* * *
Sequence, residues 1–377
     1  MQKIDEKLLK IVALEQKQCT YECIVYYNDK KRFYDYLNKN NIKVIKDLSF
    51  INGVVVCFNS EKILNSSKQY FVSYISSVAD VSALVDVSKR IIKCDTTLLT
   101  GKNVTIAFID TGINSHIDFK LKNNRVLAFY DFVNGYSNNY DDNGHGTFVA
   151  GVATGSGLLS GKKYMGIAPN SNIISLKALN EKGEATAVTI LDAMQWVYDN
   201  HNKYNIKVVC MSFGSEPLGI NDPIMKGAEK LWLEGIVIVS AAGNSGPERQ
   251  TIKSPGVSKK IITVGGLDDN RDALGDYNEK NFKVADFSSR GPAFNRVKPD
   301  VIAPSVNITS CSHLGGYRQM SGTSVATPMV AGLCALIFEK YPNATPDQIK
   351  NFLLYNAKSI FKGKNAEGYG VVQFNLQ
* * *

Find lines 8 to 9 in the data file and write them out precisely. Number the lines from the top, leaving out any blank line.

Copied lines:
   301  VIAPSVNITS CSHLGGYRQM SGTSVATPMV AGLCALIFEK YPNATPDQIK
   351  NFLLYNAKSI FKGKNAEGYG VVQFNLQ